Who Won the Presidential Debate: 2 Moments That Will Shape the Minds of Voters

Often, our opinions of people and issues solidify in breakthrough and memorable moments. There were two distinct instances tonight, where one candidate shined and the other didn’t, that might have an outsized effect on how these two men are perceived.

For Obama, his shining moment was on so-called women’s issues. One of the audience members, the youngest woman to ask a question tonight, asked why women make 72% of what their male counterparts do for the same job. Obama’s response was memorable. Off the bat, he mentioned the Lilly Ledbetter Act, which makes it easier for people to sue their employers for not receiving equal pay for equal work. (On a side note, the story of Lilly Ledbetter, the woman for whom the bill is named, is anger inducing.) Obama said, “It starts with that kind of advocacy” and forcefully noted “women’s issues” are “family issues, they’re economic issues.” Obama finished by saying that he wants his two girls to have the same opportunities as anyone’s sons, which was a great segue to….

Obama & Romney on Women in the Workplace


Mitt Romney, who has five sons, and gave an almost cringe-inducing response in comparison. He mostly talked about recruiting women to join his cabinet as governor of Massachusetts and in doing so said, “they gave me binders full of women ….” (Uhh….?) 

He also said, "If you’re going to have women in the workforce, sometimes they need to be more flexible....” I'm sure it could be exlained, but the way he said it made it sound like not having women be part of the workforce would be a fine alternative.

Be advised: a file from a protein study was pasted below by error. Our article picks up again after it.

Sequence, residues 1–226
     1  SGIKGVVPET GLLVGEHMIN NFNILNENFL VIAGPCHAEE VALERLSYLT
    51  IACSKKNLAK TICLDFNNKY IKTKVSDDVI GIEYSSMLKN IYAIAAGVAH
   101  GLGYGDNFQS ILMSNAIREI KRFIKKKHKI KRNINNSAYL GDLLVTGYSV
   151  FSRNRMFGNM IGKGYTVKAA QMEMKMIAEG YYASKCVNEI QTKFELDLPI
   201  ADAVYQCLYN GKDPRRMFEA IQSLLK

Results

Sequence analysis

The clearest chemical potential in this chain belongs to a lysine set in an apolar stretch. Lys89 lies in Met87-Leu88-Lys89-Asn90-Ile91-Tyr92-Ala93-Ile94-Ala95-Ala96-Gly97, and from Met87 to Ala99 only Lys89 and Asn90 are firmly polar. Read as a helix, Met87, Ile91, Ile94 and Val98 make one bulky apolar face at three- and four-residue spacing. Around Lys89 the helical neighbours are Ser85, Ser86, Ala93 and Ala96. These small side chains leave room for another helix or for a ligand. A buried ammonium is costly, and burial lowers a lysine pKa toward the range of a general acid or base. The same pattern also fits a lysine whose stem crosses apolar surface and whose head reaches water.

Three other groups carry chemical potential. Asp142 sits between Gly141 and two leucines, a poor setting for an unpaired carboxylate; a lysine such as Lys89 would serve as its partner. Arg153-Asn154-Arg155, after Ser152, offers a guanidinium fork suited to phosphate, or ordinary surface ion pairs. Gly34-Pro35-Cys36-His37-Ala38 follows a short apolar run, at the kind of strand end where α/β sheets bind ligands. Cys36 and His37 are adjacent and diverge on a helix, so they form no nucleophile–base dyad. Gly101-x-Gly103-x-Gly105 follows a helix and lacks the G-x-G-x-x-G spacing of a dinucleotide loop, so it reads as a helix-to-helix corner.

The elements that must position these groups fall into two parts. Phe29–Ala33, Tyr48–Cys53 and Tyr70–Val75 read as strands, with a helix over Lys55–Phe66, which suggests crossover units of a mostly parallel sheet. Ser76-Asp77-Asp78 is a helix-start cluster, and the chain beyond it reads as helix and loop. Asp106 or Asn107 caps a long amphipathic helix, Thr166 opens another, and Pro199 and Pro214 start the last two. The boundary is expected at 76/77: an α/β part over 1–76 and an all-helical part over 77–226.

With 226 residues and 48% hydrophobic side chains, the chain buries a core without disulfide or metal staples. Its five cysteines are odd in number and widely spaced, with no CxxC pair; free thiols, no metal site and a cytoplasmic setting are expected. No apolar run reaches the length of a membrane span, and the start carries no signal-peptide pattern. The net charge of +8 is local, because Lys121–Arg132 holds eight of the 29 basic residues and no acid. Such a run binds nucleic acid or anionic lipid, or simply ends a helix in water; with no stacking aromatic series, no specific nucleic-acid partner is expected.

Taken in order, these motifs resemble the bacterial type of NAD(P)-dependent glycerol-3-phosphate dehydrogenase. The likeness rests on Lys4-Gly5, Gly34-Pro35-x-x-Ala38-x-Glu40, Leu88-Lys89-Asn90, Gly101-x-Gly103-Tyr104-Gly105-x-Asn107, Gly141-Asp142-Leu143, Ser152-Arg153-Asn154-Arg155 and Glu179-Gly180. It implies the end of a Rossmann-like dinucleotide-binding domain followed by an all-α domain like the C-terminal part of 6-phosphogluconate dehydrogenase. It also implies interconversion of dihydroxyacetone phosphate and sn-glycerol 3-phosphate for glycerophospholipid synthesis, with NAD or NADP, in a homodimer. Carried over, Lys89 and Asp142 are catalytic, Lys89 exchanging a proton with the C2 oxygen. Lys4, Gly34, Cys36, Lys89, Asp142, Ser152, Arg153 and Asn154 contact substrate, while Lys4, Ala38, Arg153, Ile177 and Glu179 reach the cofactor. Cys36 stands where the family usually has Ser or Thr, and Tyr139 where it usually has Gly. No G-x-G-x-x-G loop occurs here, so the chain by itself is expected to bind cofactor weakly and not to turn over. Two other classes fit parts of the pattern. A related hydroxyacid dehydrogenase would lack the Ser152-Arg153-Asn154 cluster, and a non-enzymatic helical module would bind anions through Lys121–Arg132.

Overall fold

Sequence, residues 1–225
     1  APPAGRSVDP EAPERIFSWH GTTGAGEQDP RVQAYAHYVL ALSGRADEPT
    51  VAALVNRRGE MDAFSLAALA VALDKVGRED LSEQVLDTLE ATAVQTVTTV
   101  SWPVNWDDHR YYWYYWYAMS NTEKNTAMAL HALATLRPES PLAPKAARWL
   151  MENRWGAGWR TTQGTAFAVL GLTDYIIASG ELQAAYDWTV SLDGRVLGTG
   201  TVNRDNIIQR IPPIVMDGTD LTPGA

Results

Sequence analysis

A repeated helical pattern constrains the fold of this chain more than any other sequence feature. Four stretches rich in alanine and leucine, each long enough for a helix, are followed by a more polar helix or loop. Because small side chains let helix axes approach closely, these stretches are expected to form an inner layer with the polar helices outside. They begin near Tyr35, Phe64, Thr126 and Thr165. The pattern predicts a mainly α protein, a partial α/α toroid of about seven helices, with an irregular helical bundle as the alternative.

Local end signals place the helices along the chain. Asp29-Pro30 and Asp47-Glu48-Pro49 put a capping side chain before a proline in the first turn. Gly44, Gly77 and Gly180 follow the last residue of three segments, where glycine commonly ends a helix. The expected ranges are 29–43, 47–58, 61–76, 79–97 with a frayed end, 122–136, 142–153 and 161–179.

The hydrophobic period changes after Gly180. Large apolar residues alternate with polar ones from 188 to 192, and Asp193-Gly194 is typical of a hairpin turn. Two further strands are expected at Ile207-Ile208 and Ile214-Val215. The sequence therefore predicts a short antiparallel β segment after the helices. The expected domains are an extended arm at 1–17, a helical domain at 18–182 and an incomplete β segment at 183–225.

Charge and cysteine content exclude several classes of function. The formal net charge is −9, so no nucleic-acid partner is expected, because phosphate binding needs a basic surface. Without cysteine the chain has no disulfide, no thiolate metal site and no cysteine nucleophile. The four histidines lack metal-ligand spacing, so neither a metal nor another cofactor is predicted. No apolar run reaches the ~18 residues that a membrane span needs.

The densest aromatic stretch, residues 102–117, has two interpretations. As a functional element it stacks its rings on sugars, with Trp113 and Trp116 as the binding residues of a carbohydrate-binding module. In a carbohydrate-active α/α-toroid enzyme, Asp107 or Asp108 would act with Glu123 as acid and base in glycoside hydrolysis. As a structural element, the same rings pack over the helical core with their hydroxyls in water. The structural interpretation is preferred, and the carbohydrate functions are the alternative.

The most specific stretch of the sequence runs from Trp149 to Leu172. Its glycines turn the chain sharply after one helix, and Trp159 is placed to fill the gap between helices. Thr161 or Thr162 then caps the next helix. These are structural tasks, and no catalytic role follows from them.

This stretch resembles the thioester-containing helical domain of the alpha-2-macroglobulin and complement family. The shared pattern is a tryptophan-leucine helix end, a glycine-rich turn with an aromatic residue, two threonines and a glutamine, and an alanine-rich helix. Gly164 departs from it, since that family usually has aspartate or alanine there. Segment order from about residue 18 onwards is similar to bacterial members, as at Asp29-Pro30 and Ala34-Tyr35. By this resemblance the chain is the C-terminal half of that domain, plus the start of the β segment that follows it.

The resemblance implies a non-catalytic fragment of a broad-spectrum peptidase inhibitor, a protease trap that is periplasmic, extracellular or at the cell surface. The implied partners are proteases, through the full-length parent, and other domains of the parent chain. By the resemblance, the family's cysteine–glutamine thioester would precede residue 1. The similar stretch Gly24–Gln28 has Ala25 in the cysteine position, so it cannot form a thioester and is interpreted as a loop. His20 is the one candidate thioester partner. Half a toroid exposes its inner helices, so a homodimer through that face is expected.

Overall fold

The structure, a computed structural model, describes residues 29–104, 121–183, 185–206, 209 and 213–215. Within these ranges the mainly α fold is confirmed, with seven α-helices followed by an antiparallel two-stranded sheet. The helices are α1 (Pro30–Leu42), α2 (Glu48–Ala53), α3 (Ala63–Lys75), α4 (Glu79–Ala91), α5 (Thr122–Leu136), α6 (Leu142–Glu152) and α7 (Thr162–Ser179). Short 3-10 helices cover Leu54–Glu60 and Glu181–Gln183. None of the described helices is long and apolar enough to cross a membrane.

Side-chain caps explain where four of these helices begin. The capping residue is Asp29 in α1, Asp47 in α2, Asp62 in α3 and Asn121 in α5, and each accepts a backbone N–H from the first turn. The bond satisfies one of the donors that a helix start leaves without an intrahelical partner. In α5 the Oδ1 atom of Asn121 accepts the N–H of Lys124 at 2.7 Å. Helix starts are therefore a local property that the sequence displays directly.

Where Romney really did shine was in his response to an audience member that said he felt let down by the last four years and that his enthusiasm for Obama was waning. To that, Romney eloquently listed a string of promises that Obama made and hasn’t delivered on, from “5.4% unemployment” to a plan to make Medicare and Social Security sustainable to immigration reform to “cutting the deficit in half.” “He doesn’t understand what it takes,” Romney said of Obama in a line that he riffed on throughout the evening. “He’s a great speaker, except we have his record to look at.”

Obama had a difficult time, understandably, suggesting that the last four years were anything but hard and it is his Achilles heel.

These were two moments from tonight’s debate, on a response to “women’s issues” and the difficulty of the last four years, where things came together for each candidate, for better or worse.